SMS Phishing – A real world kill chain review

A few days ago as I was walking out to the door headed to a meeting when my phone dinged.  It was a new SMS message that read “do not show anybody i sent that” and contained a linked.  It came from a number not in my contact list so I just ignored and thought I would revisit after my meeting.

Being a security professional I’ve seen too many phishing scams to count, and am aware that it’s not wise to click on links that are unfamiliar.  Most internet users these days are aware to stay away from email from unknown sources and most email providers do a decent job in filtering out these unwanted scams.  SMS however is the wild west and our ISP are doing little to help.  The good news is that the there is a federal bill that was reintroduced that will help stop robocalls and unwanted texts.  The text for the bill states, “The term ‘robocall’ means a call made (including a text message sent)—”  If you want to read the bill it can be found here

The text message I received was from (816.766.0680) which appears to be a US number with area code in Kansas.  I personally use Hiya to help detect/block unwanted calls and this number wasn’t listed in their database of bad numbers.  I searched different reverse lookup systems for known spam numbers and nothing flagged this as malicious.  In talking with family and friends this is about as far as they would take this and since nothing was found malicious the likelihood of clicking on the link would increase.

I wanted to jump into my sandbox environment were I do threat research to find out more about this scam.  There was no way I was going to click on this via my phone and risk malware getting on my device.  The url was and once I logged into my sandbox I started my research. Looking at WhoIs and not surprising there was “No data available” concerning this domain.

Doing a DNS DIG led me to this IP address:


; EDNS: version: 0, flags:; udp: 4096


; IN A


This address is for AWS which is used by scammers as it’s easy to spin up and down websites to use in malicious activity.  Organizations are not going to block AWS as it’s used across enterprises for all types of cloud computing.  Visiting the link provided by the SMS phish took me to a site survey that indicated that I would receive $1,000 Walmart reward card for completing a survey.  Since this was a SMS scam the bad actor was targeting Android users in the hope that they would click on the link.

Looking at the source code the page manipulates the browser history through the pushState introduced in HTML5.  If the user clicks back or forward it would replace and redirect to function (b).  Code extracted from the page shows this technique: {history.pushState({},””,”#”)}onpopstate=function(b){b.state&&location.replace(“#”)} — In this case the code looks to focus on Android devices…

These redirects can send visitors to a range of rootkit distribution gateways (Exploit Kits), inadvertent ads, pop-ups, unauthorized scripts and much more.  This an injection based attack and should be monitored using File Integrity Monitoring systems.

I continued following the scam which loaded the site  To make the site look more legit the scammer pulled in what would look like to be feeds from Facebook where users were saying how they actually received gift cards.  At a first glance it’s easy to think that this is indeed real.  Again looking the code the scammer is simply creating a look and feel similar but just using static text to mimic this behavior.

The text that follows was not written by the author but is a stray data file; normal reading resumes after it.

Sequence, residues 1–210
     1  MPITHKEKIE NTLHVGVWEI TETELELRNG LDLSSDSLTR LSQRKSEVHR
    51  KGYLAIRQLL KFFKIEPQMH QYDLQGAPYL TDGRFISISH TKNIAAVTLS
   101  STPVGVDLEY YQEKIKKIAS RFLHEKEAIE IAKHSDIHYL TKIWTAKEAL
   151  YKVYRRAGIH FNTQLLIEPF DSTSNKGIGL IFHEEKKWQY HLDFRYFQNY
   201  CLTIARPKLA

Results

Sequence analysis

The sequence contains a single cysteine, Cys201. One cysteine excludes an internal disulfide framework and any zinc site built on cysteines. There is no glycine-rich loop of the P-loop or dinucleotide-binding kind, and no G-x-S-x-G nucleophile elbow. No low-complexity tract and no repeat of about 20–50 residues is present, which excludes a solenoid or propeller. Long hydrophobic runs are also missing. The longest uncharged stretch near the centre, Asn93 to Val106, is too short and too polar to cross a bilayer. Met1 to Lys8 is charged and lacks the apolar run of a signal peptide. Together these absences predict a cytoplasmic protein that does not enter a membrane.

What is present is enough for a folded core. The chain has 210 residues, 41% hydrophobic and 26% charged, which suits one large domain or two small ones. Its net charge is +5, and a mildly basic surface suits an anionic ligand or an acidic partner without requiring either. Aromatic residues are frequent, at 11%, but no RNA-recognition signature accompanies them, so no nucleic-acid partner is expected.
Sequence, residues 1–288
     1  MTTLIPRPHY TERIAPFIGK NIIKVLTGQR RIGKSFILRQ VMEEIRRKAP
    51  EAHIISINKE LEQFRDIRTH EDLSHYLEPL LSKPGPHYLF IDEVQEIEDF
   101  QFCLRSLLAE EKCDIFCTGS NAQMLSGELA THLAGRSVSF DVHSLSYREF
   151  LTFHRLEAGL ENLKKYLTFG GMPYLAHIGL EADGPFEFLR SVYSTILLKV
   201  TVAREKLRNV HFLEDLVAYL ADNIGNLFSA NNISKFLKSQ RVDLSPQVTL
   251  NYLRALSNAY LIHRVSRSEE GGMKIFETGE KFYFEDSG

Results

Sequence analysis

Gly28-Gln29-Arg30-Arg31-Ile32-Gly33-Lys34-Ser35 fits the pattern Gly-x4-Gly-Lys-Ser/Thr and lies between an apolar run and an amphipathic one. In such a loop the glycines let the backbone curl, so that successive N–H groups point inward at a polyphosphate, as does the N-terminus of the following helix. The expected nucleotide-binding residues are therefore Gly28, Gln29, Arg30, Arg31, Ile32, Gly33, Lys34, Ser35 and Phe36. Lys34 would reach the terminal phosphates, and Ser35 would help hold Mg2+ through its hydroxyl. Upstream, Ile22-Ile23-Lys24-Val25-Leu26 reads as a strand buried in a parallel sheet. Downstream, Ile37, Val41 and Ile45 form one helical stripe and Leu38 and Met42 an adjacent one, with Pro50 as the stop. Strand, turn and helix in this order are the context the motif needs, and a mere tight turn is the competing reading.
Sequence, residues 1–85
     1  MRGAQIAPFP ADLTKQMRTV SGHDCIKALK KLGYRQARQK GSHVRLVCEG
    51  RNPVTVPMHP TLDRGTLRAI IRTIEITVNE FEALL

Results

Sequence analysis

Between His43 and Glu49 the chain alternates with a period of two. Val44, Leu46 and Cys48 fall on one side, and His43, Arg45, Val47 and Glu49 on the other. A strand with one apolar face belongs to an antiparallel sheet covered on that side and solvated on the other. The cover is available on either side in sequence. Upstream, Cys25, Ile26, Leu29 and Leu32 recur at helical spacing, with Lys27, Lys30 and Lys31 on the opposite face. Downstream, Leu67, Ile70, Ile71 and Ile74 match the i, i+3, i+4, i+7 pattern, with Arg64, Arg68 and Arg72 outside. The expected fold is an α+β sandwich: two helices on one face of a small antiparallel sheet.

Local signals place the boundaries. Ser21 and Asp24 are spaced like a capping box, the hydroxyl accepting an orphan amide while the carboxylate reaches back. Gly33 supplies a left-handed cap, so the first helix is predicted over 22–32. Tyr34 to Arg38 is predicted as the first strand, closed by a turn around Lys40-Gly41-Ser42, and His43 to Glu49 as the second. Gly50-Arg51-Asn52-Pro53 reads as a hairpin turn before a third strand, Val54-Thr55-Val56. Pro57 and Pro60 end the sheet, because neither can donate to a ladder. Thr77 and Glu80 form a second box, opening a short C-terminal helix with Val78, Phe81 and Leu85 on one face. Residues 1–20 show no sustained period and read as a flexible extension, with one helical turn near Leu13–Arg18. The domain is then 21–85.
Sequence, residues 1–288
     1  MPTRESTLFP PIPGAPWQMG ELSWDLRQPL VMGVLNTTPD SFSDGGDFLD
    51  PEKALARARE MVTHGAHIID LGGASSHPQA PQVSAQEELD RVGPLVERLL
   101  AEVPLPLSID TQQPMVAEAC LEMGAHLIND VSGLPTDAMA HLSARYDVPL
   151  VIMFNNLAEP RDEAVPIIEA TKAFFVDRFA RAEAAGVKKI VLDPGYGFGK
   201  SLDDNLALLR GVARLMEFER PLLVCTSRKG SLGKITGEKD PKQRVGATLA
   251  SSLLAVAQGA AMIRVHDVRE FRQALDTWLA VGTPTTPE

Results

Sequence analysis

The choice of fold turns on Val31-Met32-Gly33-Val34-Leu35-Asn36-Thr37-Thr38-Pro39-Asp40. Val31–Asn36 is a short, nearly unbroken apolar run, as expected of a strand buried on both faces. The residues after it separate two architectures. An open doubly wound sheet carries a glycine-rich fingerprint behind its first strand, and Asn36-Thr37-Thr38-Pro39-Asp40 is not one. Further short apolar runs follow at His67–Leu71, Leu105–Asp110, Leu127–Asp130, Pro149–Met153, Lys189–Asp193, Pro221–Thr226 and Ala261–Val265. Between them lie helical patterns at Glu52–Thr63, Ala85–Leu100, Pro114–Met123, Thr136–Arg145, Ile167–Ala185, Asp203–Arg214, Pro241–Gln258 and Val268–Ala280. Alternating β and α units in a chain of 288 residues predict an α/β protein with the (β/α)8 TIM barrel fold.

I thought it was worth doing more digging and seeing if this is known bad in the security community.  Looking to ProjectHoneypot to see if any of the associated IP address are known.  ProjectHoneyPot, “Project Honey Pot is a web-based honeypot network. It uses software embedded in web sites. It collects information about the IP addresses used when harvesting e-mail addresses in spam, bulk mailing, and other e-mail fraud. The project also solicits the donation of unused MX entries from domain owners.”

In looking through the associated IPs several came up on as known.  


Following the scam to the point of where they tried to collect personal information led me to — Trying to make the site look legitimate they use trusted logos like Visa and call themselves the National Consumer Center.  Researching this further led me to several articles talking about these types of scams.  These are well documented from the FTC and Consumer Reports

Researching is known to cause unwanted pop-ups, adware, etc.  There was a recent blog detailing this and how to remove these unwanted pop-ups / adware.

I also checked with other reputable sources to see if this is something that is known and should be blocked at corporate firewalls and proxies.  According to McAfee this is an infected site that should be avoided.  To make things more difficult we can see this site is again being fronted by Cloudflare.  Cloudflare is a well known CDN (content delivery network).  This adds another layer of obfuscation for the attacker.  


In conclusion it is a highly recommended to add SMS phish scams to your security awareness programs.  Attackers are constantly trying to use mobile compute and open Bring Your Own Device to work as a way to gain access.  You should also use DNS protection layers to detect when someone clicks on a malicious link.  None of this is a guarantee but will help to be proactive against these types of attacks.